On a recent trip to the supermarket I saw several products like peanut butter, muesli bars, biscuits and even Greek yogurt all boasting added protein.
Protein supplements used to be for bodybuilders, but no it appears in loads of products packed that claim to do all manner of things including helping to lose weight, suppress hunger and bulk up.
Don't get me wrong – I know protein is important for our bodies, but what I really want to know is do runners need to add it in bulk to their diet?
Get into it
Naturopath and Clinical Nutritionist Cliff Harvey says it's essential.
"Many of my endurance clients worry that increased protein in the diet will make them bulky or will crowd out carbs or fat required for fuelling, but these fears are typically misplaced," explains Harvey
"Protein is essential for optimal recovery from exercise, and it helps to increase lean body mass and reduce fat mass. It's also equally important for general health, and let's face it, if you're sick, you can't run."
Harvey says there are loads of benefits for optimising your protein intake including improved bone health and immunity; reduced inflammation, post-training muscle soreness and overtraining risk; increased lean muscle mass; improved strength and power; and better recovery and repair from exercise.
"As athletes, runners need more protein than the average person and by boosting your intake just a little, your recovery, performance, and health will thank you," he adds.
The recommended daily allowance for protein is only 0.8 grams per kilo of bodyweight per day, but athletes, including runners, need to take in at least 1.3 grams per kilogram, over three meals, each day. This would equate to about 37 grams of protein per meal for an average sized male and 30 grams per meal for an average female runner.
Taking additional protein as a recovery drink after training and running events is also good practice.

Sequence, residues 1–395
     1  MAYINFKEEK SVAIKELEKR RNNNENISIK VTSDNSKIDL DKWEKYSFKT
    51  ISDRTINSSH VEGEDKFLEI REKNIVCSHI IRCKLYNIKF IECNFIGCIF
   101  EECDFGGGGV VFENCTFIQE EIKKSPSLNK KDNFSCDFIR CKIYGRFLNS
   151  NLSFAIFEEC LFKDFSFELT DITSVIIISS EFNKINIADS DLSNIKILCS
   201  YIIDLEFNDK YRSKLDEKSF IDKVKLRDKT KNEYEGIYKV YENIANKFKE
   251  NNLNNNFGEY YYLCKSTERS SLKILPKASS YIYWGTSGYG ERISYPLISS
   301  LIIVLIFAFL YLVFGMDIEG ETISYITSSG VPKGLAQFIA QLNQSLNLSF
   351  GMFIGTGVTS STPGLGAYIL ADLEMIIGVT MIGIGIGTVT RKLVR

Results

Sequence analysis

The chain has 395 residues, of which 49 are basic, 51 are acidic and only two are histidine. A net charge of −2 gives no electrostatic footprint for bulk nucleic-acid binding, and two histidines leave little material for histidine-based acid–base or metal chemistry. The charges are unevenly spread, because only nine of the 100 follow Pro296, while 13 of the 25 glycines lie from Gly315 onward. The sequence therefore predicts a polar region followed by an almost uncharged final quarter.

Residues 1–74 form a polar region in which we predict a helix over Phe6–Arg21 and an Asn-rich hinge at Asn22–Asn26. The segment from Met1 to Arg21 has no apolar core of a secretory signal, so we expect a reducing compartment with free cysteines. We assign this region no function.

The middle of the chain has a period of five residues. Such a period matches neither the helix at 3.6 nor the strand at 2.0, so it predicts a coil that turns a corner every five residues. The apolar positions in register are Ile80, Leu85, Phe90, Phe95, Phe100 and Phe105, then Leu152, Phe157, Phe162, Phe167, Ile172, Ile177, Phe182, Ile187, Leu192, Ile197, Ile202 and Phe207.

"This should be around 0.4 grams per kilo of bodyweight, or around 35 grams for a man and 30 grams for a woman. The easiest way to take this meal, for convenience – and because you may not want to eat a full meal straight after finishing an intense session – is to have one to two serves of a quality protein powder".
Eat like a runner
What's the best way for runners to increase their protein intake?
Harvey recommends making the base of every meal a quality protein like meat, fish, free-range chicken or eggs, sprouted lentils or a good quality protein powder like .
Harvey says that if you can't prepare a good, wholefood meal, consider a protein smoothie with a nutrient 'booster' like , which is a real food based multi-vitamin, multi-mineral, veggie, berry, and herb blend. Apparently, it tastes good too!
If you're on the hunt for a good protein powder keeps these tips in mind:
High in protein, low in carbs, zero added sugar
The most important thing to look for in a protein powder is protein. When total protein content is high enough, other factors like the amino acid composition are less important.
While not the bogeyman that some say, anti-nutrients (such as trypsin inhibitors, saponins, and phytic acid) can reduce protein digestion and absorption and promote gastric upset. It's best to find a protein that has low levels of these chemicals.
High digestion and absorption rates
If you can't digest and absorb protein, you can't use it. Choose a protein that has good digestion and absorption rates to help utilise the protein that you're taking in.
Naturally complete (without the need for inferior protein blends)
Because we eat a mixed diet we don't always need to eat complete proteins, as we will, in general, get enough of what we require over a day. However, to ensure the best nutrient support, you should choose a protein that is complete (contains all nine essential amino acids) to cover your bases and ensure that you're getting the aminos you need.
There have been cases of labelling hijinks and undisclosed ingredients in the supplement industry. Choosing a premium product, produced in reputable facilities from quality-controlled and tested ingredients, is the best way to ensure that what you're taking is what you think it is.
The goal of one day completing an ultra-marathon inspires running fanatic Laura Hill to clock up the kilometres each week. With a day job in the corporate world, Laura loves nothing more than lacing up her runners and hitting the pavement to clear her mind and challenge her body.
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Have a protein source of choice? Share your thoughts in the comments section below.